However, echoing Lee and Brownlee, Bareham warns media agencies and advertisers needed to recognise that audio does not have the same direct-response model as TV and so it would be difficult to get information around attribution as this is not immediate.

That is why he said it would be best to measure pre and post campaign metrics like awareness, rather than attribution.

A global digital audio currency?

There are also calls for new digital audio and podcast platforms that could “participate within a joint industry currency (JIC)-style structure” that is independent and trusted by all stakeholders. 

“Digital audio is crying out for a currency that we can start to rely on,” according to Steve Dunlop, founder of AMA (the audio tech company recently rebranded from A Million Ads), speaking at Future of Audio Europe.

However, this solution is not risk-free. Global platforms like Spotify would have to deal with dozens of national JICs which “would probably be as much fun as it sounds”, Brownlee says wryly.

“Improvements to podcast and digital audio measurement will be a good way to promote ad growth on these platforms. But I’m not a big fan of proprietary platform measurement systems, simply because history tells us we shouldn’t trust anyone to mark their own homework accurately when there’s a lot of money on the table.”

The conference also heard from Peter Mackhé, from the Association of Swedish Advertisers, whose cross-media measurement solution has generated interest across the continent after launching last year.  

Mackhé is clear that aligning global platforms towards the same measurement solution is “80% political and 20% technical”.

He said in his session: “New digital media needs to align to create common standards for measurement. Currently, there’s different definitions.”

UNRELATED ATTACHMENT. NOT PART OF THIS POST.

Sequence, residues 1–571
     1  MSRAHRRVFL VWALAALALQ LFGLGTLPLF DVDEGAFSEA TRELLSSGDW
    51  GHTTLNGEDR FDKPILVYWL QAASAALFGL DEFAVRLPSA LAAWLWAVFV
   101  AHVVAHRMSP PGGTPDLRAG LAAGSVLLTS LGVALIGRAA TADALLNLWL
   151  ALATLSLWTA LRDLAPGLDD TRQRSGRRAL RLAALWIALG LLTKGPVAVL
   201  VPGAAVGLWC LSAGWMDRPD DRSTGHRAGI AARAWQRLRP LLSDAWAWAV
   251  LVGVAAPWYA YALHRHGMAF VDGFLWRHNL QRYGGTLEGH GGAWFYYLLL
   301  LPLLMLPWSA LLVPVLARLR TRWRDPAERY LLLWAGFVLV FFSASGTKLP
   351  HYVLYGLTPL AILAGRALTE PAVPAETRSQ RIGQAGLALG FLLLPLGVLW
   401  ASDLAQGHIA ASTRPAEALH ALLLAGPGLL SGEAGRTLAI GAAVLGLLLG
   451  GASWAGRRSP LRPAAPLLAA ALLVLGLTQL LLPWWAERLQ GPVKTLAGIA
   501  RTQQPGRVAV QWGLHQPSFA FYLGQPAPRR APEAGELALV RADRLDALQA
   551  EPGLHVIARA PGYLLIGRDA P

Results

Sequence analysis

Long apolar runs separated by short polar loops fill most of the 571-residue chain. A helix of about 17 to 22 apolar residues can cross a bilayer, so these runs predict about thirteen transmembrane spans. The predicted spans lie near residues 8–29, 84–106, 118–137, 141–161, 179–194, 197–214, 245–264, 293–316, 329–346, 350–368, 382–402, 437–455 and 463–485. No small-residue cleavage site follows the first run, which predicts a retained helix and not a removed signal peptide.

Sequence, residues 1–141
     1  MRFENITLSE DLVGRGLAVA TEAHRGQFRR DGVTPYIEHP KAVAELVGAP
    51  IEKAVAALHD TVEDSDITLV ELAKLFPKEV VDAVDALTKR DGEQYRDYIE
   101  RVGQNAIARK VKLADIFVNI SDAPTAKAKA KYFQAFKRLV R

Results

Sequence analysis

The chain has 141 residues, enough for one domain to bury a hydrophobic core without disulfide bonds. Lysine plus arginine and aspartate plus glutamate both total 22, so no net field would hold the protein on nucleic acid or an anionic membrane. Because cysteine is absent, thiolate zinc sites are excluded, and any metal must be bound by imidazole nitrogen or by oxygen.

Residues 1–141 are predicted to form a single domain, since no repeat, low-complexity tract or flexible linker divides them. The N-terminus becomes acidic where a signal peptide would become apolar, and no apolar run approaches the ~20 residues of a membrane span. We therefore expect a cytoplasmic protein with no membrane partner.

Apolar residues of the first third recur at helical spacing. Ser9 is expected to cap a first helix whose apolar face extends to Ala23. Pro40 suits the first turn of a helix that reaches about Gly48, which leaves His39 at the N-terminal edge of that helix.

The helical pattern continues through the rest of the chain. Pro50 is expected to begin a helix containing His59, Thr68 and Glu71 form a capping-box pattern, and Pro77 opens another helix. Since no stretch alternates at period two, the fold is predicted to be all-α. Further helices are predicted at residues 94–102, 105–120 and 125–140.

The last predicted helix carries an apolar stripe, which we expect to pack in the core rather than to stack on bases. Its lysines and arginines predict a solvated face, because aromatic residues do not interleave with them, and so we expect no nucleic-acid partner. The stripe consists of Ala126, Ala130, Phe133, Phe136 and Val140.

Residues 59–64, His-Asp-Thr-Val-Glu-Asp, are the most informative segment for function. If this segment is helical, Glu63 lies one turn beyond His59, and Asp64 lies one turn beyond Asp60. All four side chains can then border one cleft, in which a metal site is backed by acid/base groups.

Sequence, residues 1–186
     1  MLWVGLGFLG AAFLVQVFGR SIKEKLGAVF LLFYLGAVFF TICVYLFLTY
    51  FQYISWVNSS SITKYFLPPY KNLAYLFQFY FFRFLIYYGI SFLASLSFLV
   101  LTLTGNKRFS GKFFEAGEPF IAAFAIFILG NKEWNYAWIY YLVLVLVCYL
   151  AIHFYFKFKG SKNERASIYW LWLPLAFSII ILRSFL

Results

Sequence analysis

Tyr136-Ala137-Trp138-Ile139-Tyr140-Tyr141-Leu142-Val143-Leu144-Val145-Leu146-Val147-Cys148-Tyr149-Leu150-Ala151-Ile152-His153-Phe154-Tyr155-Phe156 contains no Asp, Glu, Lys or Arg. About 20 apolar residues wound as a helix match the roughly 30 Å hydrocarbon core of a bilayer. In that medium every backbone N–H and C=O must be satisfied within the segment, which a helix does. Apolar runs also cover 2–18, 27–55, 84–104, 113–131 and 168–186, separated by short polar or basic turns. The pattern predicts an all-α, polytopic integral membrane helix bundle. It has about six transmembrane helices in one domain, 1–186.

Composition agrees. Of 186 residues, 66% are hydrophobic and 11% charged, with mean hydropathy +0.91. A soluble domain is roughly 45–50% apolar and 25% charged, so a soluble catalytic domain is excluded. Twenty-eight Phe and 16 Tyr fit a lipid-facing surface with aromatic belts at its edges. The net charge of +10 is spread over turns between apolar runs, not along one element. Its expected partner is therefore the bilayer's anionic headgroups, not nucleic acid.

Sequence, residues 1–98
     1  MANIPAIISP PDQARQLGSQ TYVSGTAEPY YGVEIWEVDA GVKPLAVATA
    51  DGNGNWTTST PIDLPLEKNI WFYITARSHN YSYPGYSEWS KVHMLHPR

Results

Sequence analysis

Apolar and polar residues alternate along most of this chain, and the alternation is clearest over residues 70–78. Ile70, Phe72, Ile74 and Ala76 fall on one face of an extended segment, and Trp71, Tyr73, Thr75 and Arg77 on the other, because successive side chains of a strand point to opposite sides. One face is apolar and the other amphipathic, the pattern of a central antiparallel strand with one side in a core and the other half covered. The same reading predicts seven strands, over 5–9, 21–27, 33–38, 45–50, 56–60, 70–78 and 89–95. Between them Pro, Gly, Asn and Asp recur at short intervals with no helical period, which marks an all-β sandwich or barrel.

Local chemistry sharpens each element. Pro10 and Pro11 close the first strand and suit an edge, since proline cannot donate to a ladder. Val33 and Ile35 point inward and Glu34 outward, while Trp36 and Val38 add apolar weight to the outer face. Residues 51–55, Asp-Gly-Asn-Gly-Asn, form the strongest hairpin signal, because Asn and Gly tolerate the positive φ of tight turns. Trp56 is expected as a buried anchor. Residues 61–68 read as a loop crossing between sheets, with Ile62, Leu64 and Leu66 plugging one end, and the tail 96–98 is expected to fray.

Michelle Sarpong, head of display, audio and OOH activation at independent media agency the7stars, says a tool that measures both brand metric uplift and attribution from digital audio and podcasts in campaigns would be her ask of the industry.

She told The Media Leader: “If we can demonstrate that paying a premium to target a specific audience provides uplift in sales, recall etc, it helps defeat the narrative that the premiums are not worth it.”

Adwanted UK are the audio experts operating at the centre of audio trading, distribution and analytic processing. Contact us for more information on J-ET, Audiotrack or our RAJAR data engine. To access our audio industry directory, visit audioscape.info and to find your new job in audio visit The Media Leader Jobs, a dedicated marketplace for media, advertising and adtech roles.
Nick Drew, CEO, Fuse Insights, on 15 Mar 2023
“I attended the Future of Audio event and the asi Audio (Measurement) Conference in November; and it was very useful to see both the agency and media buyer side and the nuts and bolts researcher side of the discussion, and the developments in audio measurement and what they enable. Robust audio measurement currently exists (RAJAR in the UK and similar JICS in other markets), with well-established methodologies and figures, and the methodological tools to relatively easily incorporate non-broadcast audio in their measurement streams. In short, it would be entirely possible to measure Spotify, DAX channels and podcasts alongside broadcast radio, in a single audio currency - not dissimilarly to how BARB has started to integrate Netflix into its measurement. And the digital platforms seem relatively open to that idea. The single biggest barrier to single-source audio measurement isn’t methodological, it’s ideological: radio stakeholders don’t want to measure non-radio content alongside radio content. They realise that radio could potentially be at a significant disadvantage when ad buyers are able to see individual stations measured side by side, apples to apples, against digital behemoths like Spotify. And since RAJAR is the radio stakeholders’ sandpit, they’ve decided not to allow other audio platforms in. So Spotify and other digital audio platforms happily sell on their own metrics, and radio sells on its currency, and media buyers are stuck in the middle trying to work out how to produce genuinely multi-format audio campaigns. What’s disingenuous is radio stakeholders then joining the lament about “what’s to be done about audio measurement” as if it has nothing to do with their own self-interested decisions around the current definitive audio currency.”